||Following the perfection of the Edge-Defined Film-Fed Growth technique of making shaped single crystal ceramics by Corning Glassworks, there was much interest in using "Corstar" single crystal sapphire as an arc tube for high pressure sodium lamps. The traditional arc tube material is polycrystalline aluminium oxide, which is in fact chemically virtually identical to single crystal sapphire. The principal difference is that single crystal sapphire tubing is transparent, whereas polycrystalline alumina is not. Its multiple boundaries between the tiny individual crystals scatter the light and reduce its transparency.
Single Crystal sapphire not only has better light transmission which delivers improved luminous efficacy, it can also withstand higher temperatures and pressures. Thus two new sodium lamps were investigated with this material - one having higher luminous efficacy, the other being a 'deluxe' lamp having better colour rendering, achieved by operating the sapphire arc tube at higher temperatures.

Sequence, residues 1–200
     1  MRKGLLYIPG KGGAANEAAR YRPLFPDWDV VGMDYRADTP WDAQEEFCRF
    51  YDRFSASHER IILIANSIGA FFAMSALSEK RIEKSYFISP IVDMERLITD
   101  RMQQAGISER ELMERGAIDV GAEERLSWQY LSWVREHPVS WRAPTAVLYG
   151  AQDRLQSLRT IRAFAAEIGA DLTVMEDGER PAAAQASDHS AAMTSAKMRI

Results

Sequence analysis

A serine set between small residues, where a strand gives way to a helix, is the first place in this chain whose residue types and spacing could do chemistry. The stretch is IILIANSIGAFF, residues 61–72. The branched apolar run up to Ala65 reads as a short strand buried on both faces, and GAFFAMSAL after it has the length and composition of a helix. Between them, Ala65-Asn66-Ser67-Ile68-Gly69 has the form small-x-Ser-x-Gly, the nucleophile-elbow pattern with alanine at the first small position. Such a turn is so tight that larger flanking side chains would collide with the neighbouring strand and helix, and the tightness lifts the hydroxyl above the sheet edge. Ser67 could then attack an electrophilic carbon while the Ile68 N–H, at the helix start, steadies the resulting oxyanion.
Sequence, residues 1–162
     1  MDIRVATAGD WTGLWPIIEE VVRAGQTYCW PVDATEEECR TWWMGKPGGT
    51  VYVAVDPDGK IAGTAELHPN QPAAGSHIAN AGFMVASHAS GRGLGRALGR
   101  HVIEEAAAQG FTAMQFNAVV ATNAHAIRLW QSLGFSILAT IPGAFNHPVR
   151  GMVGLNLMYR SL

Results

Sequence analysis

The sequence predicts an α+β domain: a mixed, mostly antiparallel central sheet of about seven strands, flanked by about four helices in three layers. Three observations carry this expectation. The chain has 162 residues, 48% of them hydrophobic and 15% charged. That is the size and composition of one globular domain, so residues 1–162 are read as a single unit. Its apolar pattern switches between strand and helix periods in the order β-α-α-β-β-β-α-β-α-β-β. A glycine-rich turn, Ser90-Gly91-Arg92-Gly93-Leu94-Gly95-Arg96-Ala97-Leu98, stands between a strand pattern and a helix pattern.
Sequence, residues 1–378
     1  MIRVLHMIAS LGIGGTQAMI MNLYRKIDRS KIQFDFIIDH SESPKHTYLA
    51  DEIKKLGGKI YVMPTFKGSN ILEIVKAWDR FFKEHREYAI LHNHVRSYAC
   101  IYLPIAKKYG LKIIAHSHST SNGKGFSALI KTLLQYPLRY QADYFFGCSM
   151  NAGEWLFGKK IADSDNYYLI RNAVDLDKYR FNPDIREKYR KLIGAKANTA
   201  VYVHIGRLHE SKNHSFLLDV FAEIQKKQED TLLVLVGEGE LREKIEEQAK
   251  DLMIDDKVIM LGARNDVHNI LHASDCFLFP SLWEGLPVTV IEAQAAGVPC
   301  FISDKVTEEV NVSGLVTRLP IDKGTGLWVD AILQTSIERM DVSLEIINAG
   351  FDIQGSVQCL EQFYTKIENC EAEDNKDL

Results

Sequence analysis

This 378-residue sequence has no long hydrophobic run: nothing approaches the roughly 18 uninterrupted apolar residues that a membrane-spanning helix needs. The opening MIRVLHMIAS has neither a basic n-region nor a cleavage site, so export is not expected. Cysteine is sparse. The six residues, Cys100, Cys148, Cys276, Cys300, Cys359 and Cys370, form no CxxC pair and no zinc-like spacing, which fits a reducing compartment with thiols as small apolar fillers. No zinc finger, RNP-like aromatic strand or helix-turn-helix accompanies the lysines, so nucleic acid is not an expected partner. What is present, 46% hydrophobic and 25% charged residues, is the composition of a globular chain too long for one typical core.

Regrettably, single crystal sapphire is not only expensive, it also has different coefficients of thermal expansion parallel and perpendicular to the tube axis. In view of the fact that this material actually only delivered some 3% better efficacy and that seals to metal conductors were very tricky to make even experimentally, lamps having sapphire arc tubes were only produced for a brief period by Osram-GEC and Westinghouse. Perhaps in the future, we may see this material appear again for ceramic metal halide lamps where its enhanced corrosion resistance properties may be of value to deliver lamps can burn at higher temperatures to deliver even better colour rendering properties.